Missouri’s BEAD Initial Proposal, Volume Two

The state is unsure if any of its $1.7 billion allocation will be left over after funding new infrastructure.

Missouri’s BEAD Initial Proposal, Volume Two
Photo of the Missouri River by Robert Stinnett.

Missouri released a draft volume two of its Broadband Equity, Access and Deployment initial proposal on November 15.

It was part of a wave of states and territories that began seeking public comment on their drafts in recent weeks. All 56 have now done so.

After a 30-day comment period, states and territories are required to submit their proposals to the National Telecommunications and Information Administration by December 27. The proposals come in two volumes: volume one details how states will ground-truth broadband coverage data, and volume two outlines states’ plans for administering grant programs with their BEAD funds.

The Missouri Broadband Office is “not yet able to determine” whether it will have any of its $1.7 billion in BEAD money left over after funding infrastructure projects.

The state is planning to administer two rounds of funding, something the state’s broadband director BJ Tanksley has flagged as being potentially difficult given BEAD’s one year timeframe for grant awards. The MBO said in the proposal a “sub-round” might be necessary if some undeserved and underserved areas receive no applications, and the state might seek an extension from the NTIA.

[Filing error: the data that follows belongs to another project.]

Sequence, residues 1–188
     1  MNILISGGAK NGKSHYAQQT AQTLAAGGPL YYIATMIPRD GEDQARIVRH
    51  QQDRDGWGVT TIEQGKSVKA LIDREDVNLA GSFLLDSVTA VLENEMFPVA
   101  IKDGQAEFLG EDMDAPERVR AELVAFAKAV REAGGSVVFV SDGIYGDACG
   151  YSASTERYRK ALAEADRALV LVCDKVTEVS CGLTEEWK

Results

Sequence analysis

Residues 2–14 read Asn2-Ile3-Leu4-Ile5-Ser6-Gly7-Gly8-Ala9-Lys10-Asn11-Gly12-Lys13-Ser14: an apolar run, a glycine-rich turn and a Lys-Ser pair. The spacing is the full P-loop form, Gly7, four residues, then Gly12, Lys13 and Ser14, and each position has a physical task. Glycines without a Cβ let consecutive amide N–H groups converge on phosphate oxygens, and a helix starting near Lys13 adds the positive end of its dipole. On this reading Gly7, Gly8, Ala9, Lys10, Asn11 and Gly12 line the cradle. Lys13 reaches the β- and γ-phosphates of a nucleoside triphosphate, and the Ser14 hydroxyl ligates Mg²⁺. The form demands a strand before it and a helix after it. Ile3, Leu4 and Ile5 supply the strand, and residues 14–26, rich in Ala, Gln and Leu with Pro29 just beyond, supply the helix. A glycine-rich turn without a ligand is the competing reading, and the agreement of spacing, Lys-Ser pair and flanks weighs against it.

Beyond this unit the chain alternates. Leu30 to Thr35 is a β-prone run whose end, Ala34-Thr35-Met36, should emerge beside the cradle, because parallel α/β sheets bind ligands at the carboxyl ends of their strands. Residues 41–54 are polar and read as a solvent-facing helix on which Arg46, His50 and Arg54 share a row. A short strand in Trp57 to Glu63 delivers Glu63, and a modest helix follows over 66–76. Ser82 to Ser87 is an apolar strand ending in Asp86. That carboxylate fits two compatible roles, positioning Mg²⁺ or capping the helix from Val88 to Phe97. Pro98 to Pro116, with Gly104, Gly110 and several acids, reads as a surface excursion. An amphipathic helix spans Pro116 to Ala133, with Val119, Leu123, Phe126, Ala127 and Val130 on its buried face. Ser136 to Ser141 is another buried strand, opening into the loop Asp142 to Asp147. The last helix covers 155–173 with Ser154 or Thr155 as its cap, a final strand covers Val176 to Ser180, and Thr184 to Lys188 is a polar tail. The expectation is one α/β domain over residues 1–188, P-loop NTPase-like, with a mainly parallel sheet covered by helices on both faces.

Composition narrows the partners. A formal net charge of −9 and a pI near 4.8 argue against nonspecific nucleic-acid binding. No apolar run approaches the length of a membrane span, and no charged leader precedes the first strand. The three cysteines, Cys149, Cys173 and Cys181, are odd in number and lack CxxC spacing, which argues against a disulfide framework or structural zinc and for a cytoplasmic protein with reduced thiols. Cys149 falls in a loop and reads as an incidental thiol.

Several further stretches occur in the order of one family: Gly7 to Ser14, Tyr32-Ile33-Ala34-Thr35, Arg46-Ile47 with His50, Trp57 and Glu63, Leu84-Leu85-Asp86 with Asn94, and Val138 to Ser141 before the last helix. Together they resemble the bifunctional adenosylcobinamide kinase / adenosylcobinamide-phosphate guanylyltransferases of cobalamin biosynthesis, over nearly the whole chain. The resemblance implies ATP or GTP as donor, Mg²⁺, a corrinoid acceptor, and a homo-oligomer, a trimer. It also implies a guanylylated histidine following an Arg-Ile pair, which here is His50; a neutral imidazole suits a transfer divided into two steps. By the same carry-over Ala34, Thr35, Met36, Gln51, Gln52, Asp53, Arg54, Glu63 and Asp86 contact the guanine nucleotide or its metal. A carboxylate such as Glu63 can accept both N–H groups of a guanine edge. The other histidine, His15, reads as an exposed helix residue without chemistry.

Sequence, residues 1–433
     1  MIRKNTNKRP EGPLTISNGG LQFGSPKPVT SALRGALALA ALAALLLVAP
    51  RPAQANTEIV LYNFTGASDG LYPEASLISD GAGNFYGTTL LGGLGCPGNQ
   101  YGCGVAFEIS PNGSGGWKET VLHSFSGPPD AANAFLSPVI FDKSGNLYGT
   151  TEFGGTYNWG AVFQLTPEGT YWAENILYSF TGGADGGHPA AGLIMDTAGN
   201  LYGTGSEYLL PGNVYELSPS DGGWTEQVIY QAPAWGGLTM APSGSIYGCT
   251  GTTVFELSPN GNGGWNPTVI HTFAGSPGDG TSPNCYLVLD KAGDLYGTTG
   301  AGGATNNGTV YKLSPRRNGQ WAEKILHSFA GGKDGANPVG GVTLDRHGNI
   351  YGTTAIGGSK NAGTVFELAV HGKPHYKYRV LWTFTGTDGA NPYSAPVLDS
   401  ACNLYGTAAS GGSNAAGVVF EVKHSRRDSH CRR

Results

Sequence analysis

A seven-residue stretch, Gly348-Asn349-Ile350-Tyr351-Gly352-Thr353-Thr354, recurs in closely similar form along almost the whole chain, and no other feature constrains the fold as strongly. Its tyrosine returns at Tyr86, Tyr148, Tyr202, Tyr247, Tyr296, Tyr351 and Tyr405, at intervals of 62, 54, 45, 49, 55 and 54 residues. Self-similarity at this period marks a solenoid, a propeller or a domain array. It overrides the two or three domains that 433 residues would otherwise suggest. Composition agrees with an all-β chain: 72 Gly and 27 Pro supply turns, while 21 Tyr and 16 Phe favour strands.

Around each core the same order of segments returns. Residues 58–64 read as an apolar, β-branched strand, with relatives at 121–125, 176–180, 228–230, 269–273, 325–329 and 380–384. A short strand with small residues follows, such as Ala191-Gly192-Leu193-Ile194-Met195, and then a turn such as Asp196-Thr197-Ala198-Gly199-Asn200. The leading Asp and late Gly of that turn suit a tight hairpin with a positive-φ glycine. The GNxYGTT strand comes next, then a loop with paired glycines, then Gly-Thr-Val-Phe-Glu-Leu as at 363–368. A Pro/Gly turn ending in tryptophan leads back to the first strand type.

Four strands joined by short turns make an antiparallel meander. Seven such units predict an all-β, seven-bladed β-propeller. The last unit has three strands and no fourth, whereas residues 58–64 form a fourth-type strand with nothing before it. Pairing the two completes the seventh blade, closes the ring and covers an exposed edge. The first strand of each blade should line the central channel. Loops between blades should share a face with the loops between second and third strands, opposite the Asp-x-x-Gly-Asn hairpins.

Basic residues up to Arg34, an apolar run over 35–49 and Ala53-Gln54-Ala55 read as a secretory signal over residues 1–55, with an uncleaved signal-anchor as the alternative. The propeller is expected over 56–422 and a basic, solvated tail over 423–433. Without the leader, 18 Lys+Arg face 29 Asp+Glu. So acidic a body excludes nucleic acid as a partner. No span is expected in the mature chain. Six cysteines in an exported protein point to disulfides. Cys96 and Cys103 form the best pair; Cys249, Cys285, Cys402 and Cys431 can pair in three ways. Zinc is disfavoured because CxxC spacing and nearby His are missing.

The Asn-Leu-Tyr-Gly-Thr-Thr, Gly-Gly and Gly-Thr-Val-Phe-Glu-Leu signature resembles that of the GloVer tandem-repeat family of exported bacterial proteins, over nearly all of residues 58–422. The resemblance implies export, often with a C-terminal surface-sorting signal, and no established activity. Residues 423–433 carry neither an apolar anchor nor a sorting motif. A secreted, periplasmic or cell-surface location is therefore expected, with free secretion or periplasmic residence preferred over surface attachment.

Missouri is looking to release multiple “advisory figures” for its high-cost threshold, the price at which fiber becomes expensive enough for the state to consider other technologies not favored by BEAD. Cost modeling data will be used for an initial figure before the first round of grant applications, and the number will be updated based on the applications the state receives in each round.

The state will also be using the NTIA’s updated financing guidance, which gives states more options to ensure the financial viability of a project. The new guidance makes room for performance bonds and reimbursement milestones, which tie up less money than the 25 percent letter of credit required by initial BEAD rules.

The agency made the change on November 1 after months of pushback from advocates and lawmakers, who warned small providers could be edged out by the letter of credit.

The public comment period for Missouri’s volume two is open until December 15.